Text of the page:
Thursday, June 20, 2024

Comments on Anthony Fauci's "On Call"

Environmental & Science Education, STEM, Health, Medicine, Science & Society

Ed Hessler

In his forty year career as an infectious disease specialist, Dr.Anthony Fauci advised seven presidents on infectious diseases.  
In a forthcoming memoir, On Call: A Doctor’s Journey in Public Service, STAT's General Assignment Reporter, Jason Mast notes that "he strove to speak with complete candor and stay out of politics, while remaining strategic in pushing for policies he considered vital to public health."

Mast discusses his top takeaways from his reading of the 455 page book. They are:

-- Of course, he would do things differently on Covid-19 if given another shot.

-- The U.S. response to the pandemic succeeded on science, and failed on public health.

-- Local health officials tried to warn Fauci, who tried to warn the White House, that contact tracing was failing.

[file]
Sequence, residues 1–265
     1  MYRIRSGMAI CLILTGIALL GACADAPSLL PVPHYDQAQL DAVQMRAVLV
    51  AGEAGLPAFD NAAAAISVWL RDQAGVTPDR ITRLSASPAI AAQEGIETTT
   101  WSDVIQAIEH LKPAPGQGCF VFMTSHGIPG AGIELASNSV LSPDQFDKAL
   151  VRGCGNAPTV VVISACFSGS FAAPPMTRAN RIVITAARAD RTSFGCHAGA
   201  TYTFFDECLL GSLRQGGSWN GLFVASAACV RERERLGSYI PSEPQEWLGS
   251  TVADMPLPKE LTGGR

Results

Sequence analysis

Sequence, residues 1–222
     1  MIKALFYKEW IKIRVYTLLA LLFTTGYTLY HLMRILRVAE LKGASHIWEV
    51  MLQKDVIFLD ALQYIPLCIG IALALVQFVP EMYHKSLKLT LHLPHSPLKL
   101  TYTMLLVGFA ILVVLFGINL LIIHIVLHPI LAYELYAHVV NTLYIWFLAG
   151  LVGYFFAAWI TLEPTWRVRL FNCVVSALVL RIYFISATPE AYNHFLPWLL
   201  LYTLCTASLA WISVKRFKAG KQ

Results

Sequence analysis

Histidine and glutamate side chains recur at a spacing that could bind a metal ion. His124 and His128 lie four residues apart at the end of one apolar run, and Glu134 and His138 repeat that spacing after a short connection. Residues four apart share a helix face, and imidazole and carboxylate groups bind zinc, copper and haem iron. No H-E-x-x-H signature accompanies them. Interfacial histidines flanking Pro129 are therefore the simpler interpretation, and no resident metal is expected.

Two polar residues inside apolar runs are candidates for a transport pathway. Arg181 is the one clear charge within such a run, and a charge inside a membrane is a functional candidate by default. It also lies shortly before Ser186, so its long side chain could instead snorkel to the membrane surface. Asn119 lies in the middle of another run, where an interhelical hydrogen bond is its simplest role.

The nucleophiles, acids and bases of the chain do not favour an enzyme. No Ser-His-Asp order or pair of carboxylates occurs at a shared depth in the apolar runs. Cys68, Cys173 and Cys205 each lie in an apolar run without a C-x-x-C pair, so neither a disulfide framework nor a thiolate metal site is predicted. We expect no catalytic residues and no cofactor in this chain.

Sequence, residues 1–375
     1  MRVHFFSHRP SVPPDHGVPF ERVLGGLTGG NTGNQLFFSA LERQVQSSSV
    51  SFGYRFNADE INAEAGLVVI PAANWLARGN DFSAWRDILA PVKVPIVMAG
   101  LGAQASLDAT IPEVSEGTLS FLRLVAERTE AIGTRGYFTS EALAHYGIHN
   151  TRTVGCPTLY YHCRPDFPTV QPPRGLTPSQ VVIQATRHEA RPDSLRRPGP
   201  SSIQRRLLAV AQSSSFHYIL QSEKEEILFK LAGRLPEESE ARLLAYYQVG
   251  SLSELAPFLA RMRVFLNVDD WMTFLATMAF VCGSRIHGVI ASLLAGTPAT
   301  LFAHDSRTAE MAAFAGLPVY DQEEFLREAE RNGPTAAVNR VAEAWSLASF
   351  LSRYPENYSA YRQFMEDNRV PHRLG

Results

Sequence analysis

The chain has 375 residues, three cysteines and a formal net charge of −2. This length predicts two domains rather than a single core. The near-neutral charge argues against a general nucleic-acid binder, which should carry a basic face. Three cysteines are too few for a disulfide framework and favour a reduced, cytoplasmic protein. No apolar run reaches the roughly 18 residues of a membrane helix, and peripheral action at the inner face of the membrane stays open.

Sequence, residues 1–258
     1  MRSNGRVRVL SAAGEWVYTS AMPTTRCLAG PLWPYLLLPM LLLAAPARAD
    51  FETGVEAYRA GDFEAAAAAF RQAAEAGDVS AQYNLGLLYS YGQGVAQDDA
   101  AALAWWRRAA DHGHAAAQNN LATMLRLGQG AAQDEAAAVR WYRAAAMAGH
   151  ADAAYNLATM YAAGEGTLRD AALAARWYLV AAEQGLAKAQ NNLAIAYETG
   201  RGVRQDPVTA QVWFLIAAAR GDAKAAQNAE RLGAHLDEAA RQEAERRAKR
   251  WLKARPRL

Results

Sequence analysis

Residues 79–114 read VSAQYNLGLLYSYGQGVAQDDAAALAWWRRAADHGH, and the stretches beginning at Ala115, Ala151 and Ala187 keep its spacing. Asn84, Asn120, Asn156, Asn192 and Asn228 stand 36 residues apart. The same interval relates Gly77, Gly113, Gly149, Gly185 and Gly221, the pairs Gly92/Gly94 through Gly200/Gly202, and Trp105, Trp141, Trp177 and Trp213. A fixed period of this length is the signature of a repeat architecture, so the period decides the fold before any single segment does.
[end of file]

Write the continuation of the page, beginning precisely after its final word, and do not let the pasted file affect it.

-- Fauci grew increasingly concerned about the politicization of science during the 2015-2016 Zika outbreak.

-- But Covid was unlike anything else.

-- An HIV vaccine may be far, far off, if it’s possible at all.

-- He advocated for efforts on TB, HIV, and malaria that didn’t see the light of day.

-- Fauci turned down an offer, in 1989, to become NIH chief.

-- He tried to squeeze greater and greater funding for HIV out of administrations with a deft hand.

Mast's essay, "Inside Anthony Fauci’s ‘On Call’: 9 health and science takeaways from the memoir of America’s most famous doctor", may be read here.

And here for your information is the Amazon entry. The book was released on June 18. It should quickly accumulate reader reviews.

I've seen two interviews with Dr. Fauci about the book. This one by CNN's Dr. Sanjay Gupta really stood out. It is 11m 28s long. Be patient, it begins with some introductory comments.

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